The cand_rp setting refers to Candidate Rendez-vous Point (CRP). It
specifies which interface on this machine should be included in RP
+o local-addr. The default is the highest active IP address.
+o time number. The number of seconds to wait between advertising this
CRP. The default value is 60 seconds.
+o priority number. How important this CRP is compared to others. The
lower the value here, the more important the CRP.
The cand_bootstrap_router setting is similar to CRP. Only difference is
the lack of a time option.
The group_prefix statement outlines the set of multicast addresses that
the CRP, if it wins an election, will advertise to other routers.
+o group-addr. A specific multicast group or network range this router
+o masklen len. The number of IP address segments taken up by the
netmask. Remember that a multicast address is a Class D and has a
netmask of 240.0.0.0, which means its length is 4.
Max group_prefix multicast addresses supported in pimd is 255.
The switch_data_threshold setting defines the threshold at which
transmission rates trigger the changeover from the shared tree to the RP
tree; starting the line with switch_register_threshold does the opposite
in the same format. Regardless of which of these you choose, the rate
option is for transmission rate in bits per second, interval is the
sample rate in seconds -- with a recommended minimum of five seconds. It
is recommended to have the same interval if both settings are used.
pimd responds to the following signals:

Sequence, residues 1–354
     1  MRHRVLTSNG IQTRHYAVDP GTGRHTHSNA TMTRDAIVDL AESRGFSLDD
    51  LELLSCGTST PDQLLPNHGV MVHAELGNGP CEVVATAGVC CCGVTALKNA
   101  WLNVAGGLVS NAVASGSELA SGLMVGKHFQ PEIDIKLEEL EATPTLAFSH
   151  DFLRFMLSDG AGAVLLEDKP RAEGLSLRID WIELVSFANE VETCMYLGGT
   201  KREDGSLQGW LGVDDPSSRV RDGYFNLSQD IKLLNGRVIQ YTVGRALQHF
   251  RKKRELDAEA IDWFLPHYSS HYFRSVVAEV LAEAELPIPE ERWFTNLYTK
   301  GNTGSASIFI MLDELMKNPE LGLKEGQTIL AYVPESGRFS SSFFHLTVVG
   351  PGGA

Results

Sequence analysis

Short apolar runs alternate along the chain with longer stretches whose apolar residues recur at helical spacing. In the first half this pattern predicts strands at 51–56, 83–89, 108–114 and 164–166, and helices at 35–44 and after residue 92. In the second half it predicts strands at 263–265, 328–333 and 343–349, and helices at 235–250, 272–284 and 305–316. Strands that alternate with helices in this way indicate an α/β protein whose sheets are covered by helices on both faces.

HUP Restarts pimd. The configuration file is reread every time this
signal is evoked.
TERM Terminates execution gracefully (i.e. by sending good-bye messages
to all neighboring routers).
INT The same as TERM.
USR1 Dumps the internal state of VIFs and multicast routing tables to
/var/tmp/pimd.dump. See also the --show-routes option above.
For convenience in sending signals, pimd writes its process ID to
/var/run/pimd.pid upon startup.
mrouted(8), smcroute(8), /usr/share/doc/pimd/
PIM-SM is described in, the now obsolete RFC 2362, and the current RFC
4601, with additions in RFC 5059 and RFC 5796.
The pages at USC, http://netweb.usc.edu/pim/, are unfortunately no longer
available. The wiki pages at http://github.com/troglobit/pimd/, the new
GitHub project, are an attempt to gather as much info as possible.
pimd was written by Ahmed Helmy, George Edmond "Rusty" Eddy, and Pavlin
Ivanov Radoslavov. With contributions by many others.
This manual page was initially written by Antonn Krl for the Debian
GNU/Linux system, and then updated by Joachim Nilsson for the GitHub pimd